Single-Cell Outlier Selector

SCOUTS is a tool that quickly finds OUTLIERS in single-cell datasets, especially those obtained by mass cytometry (CyToF) and single-cell RNA sequencing (scRNA-Seq) platforms.


Outliers are often ignored or even removed from data analysis. In cancer, however, single outlier cells can be of major importance, since they have uncommon characteristics that may confer them tolerance or resistance to therapy.


Many single-cell analysis pipelines require some level of programming knowledge in order to be used. While some great tools for languages like R, Python and Julia have been developed, the entry-level barrier of programming is still intimidating for many scientists starting on the field of single-cell analysis. With this in mind, we developed SCOUTS to simplify this process. Through a Desktop application, the user is able to choose the parameters for the outlier selection, and leave the hard work of programmatically selecting and subsetting the data to SCOUTS.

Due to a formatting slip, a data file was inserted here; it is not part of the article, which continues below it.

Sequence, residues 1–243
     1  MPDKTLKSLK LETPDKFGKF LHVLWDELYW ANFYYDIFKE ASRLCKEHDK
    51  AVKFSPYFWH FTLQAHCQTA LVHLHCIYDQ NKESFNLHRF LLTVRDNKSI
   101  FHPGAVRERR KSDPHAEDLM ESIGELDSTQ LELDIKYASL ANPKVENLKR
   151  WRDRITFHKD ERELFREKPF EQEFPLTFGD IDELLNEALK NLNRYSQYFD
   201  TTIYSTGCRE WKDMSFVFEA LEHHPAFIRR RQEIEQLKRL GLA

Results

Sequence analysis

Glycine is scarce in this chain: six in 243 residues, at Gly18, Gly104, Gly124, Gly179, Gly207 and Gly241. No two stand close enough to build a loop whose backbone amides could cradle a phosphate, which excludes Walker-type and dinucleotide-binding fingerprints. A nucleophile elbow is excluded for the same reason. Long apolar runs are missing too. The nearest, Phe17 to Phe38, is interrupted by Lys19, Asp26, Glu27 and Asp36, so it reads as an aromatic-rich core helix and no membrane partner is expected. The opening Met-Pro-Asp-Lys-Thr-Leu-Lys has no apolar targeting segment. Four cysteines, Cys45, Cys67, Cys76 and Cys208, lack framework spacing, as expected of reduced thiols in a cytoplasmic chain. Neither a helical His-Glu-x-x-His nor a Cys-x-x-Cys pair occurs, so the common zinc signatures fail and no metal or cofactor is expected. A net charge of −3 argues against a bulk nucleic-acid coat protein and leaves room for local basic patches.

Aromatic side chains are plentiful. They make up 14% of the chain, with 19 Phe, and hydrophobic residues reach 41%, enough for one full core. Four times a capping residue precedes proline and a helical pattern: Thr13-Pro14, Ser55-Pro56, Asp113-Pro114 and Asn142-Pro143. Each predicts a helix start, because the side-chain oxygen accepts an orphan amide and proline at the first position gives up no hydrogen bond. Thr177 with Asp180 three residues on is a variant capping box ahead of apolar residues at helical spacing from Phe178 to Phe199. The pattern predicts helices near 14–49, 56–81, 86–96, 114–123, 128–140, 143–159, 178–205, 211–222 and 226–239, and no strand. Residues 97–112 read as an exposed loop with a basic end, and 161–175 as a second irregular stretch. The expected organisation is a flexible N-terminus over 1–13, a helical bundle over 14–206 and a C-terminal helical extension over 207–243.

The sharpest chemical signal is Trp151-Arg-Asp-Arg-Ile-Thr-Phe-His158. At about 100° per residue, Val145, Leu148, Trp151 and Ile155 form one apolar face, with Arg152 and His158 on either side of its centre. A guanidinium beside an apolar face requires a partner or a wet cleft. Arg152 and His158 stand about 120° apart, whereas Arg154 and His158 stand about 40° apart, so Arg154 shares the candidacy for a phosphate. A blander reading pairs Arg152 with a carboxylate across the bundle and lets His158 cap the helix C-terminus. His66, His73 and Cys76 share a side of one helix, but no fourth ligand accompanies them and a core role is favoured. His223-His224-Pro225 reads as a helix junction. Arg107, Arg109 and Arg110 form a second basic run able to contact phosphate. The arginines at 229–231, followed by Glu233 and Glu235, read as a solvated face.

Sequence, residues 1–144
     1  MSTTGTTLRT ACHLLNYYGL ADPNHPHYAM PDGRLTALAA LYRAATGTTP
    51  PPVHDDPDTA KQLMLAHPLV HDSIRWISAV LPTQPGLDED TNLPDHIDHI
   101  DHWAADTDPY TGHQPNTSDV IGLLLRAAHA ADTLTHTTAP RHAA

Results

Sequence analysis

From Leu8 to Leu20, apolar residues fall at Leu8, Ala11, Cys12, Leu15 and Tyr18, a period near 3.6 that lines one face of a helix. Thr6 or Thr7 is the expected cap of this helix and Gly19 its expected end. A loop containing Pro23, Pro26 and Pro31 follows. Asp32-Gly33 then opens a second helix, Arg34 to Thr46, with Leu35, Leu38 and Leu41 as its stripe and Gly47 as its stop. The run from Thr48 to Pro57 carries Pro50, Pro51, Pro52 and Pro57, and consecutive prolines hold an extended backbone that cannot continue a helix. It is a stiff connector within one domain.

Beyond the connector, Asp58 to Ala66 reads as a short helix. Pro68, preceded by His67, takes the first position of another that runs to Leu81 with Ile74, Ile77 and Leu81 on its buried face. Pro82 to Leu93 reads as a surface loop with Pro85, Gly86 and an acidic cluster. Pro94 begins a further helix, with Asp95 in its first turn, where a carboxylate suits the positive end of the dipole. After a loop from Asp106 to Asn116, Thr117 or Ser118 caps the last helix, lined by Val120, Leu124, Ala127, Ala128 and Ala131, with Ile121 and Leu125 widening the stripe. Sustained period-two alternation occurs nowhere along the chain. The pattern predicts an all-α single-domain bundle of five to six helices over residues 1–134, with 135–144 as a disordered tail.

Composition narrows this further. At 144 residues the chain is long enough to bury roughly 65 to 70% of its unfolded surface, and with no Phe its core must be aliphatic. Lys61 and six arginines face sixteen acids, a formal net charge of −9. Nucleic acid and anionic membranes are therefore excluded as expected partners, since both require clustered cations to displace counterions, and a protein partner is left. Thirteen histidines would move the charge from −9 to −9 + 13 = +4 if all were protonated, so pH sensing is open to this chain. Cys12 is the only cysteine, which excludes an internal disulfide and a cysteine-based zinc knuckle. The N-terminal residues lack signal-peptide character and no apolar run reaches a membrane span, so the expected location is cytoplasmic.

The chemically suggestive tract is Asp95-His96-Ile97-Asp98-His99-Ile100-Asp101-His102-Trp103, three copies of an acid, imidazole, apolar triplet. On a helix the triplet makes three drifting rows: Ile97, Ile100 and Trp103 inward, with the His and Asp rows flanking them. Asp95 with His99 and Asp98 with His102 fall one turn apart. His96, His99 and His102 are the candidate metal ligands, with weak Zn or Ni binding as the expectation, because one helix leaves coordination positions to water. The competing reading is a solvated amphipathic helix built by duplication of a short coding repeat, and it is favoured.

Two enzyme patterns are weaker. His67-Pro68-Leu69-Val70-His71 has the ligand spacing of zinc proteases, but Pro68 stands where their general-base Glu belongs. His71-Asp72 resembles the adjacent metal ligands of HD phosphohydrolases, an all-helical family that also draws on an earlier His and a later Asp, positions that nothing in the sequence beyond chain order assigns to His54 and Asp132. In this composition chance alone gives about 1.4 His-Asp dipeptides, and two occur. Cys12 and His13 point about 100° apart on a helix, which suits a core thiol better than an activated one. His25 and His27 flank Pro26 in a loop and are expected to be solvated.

As a showcase of how to interpret and explore the data generated by SCOUTS, we also developed SCOUTS-violins, a secondary desktop application which displays the outlier populations identified by SCOUTS as violin plots.

SCOUTS in a nutshell

SCOUTS selects outliers by a labelling method, calculating a cutoff value based on the concept of Tukey's fences. Users can choose whether to select outliers by calculating the cutoff value for each population, or to select a reference sample whose cutoff is then applied for all samples. Additionally, SCOUTS can separately select cells that are outliers for each individual parameter (i.e. each gene or protein), or all cells that are outliers for at least one parameter. Other possibilities include selecting outliers on the bottom of the population distribution (low-expression outliers), or selecting the population of cells that are not outliers.

Refer to these links to download and learn more about SCOUTS:

We also distribute SCOUTS as a binary executable (experimental):

If you use SCOUTS, please cite Onzi and Faccioni, et al.
If you have any questions or comments, feel free to contact us or open an issue on GitHub.